Published in Stanford Women's Health Magazine

Breast cancer is the most common female cancer in the United States. Breast cancer is the 2nd most common cause of cancer-related death i.e., after lung cancer. It is the leading cause of death in women between 45-55 years of age.  Strongest risk factors include age, gender, family history and genetic factors. Age at menarche, first live birth, and menopause, history of benign breast disease, lifestyle and dietary factors, reproductive and hormonal factors, exposure to ionizing radiation, and environmental factors
may also impact a woman’s risk of breast cancer.  In the fall of 2007, the media reported on a
presentation of findings of a study conducted by Kaiser-Oakland, California physicians that found an increase incidence of breast cancer in women who drank moderate amounts of alcohol. Although findings of this particular study have not been published yet, several studies have linked alcohol consumption to an increase risk of postmenopausal breast cancer. Two hypotheses of why this could be are: (1) through the estrogen pathway and (2) alcohol acting as a co-carcinogen.

Alcohol may be predominantly associated with breast cancers expressing hormone receptors. Approximately 60% of all breast cancers are hormone dependent. There are only 3 prospective studies that have examined the association of alcohol on breast cancer subdivided by receptor status: the Iowa Women’s Health Study, the Swedish Mammography Cohort study, and the Women’s Health study. In the Iowa Women’s Health Study, alcohol intake was most strongly associated with estrogen receptor (ER)- progesterone receptor (PR) - tumors. In contrast, in both the Swedish Mammography Cohort and Women’s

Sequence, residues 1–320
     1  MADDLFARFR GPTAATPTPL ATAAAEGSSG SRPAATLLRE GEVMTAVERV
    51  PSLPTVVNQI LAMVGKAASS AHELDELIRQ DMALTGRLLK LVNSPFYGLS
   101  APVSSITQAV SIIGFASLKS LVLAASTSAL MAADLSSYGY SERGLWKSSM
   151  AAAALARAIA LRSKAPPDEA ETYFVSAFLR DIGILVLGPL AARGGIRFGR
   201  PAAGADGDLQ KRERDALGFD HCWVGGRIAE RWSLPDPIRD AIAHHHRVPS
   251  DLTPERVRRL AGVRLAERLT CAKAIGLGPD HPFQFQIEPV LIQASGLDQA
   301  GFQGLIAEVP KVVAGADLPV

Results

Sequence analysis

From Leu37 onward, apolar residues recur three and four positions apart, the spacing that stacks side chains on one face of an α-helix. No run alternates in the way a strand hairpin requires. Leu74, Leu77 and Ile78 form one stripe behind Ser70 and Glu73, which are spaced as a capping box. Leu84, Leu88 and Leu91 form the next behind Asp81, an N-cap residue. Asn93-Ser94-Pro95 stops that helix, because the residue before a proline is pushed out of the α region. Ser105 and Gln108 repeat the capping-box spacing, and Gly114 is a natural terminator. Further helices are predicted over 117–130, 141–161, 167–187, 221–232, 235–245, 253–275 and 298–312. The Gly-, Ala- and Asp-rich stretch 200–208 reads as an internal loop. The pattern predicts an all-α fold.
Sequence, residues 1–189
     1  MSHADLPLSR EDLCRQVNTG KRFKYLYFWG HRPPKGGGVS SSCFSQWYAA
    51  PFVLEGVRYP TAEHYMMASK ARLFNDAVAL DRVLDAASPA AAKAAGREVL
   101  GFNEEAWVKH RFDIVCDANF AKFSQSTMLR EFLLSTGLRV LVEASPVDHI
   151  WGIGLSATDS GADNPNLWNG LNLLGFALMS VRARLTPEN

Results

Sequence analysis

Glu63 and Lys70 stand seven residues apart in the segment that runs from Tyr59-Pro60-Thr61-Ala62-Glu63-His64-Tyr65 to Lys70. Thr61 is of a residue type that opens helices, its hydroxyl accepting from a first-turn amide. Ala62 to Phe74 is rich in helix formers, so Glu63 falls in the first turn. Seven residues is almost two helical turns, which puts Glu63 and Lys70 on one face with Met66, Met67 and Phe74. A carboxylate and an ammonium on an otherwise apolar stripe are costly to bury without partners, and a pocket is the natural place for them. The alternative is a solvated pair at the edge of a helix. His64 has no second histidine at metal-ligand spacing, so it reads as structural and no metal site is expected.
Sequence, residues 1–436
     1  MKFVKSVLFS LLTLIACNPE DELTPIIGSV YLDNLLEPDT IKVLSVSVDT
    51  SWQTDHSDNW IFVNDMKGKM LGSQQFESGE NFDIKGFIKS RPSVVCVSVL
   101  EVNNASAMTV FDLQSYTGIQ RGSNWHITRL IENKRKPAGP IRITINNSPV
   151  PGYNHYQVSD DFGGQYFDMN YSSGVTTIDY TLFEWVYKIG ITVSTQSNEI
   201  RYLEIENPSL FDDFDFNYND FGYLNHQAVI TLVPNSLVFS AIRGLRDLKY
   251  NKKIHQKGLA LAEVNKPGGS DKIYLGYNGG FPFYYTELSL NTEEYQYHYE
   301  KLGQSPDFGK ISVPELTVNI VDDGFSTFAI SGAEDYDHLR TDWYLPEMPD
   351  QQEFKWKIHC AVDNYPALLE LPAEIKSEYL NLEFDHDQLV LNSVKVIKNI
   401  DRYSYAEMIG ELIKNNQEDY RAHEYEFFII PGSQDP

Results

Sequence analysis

Health studies, alcohol intake was associated with ER+PR+ and not with ER-PR- tumors. A pooled estimate of the data from these 3 studies reported in the Women’s Health Study found a positive association for ER+PR+ tumors and not for ER-PR- and ER+PR- tumors. Hypotheses about how alcohol may act through hormone-dependent mechanisms and/or as a co-carcinogen exist but are unproven.
Interestingly, in the Women’s Health Study, red wine was not associated with an increase risk of breast cancer but beer, liquor, and white wine were.


These studies are examples of study designs that have known limitations that may include recall bias, selection bias, and confounding.  The question of whether breast cancer recurrence in women with advance disease is affected by alcohol consumption is not well studied. Epidemiologic data shows a weak association (i.e., relative risk of approximately 1.2) between alcohol consumption and the diagnosis of breast cancer. The literature indicates that women diagnosed with early stage breast cancer are more likely to die from other causes (i.e., heart disease which seems to be attenuated by moderate alcohol consumption), while women with advanced disease are likely to succumb to complications of breast cancer. The data with regard to moderate alcohol consumption and effects on all cause morbidity and mortality would therefore appear to be applicable to the subset of breast cancer patients diagnosed early. The decision to drink moderately is clearly individualized based on all medical and health issues, as well as perceived quality of life.

 

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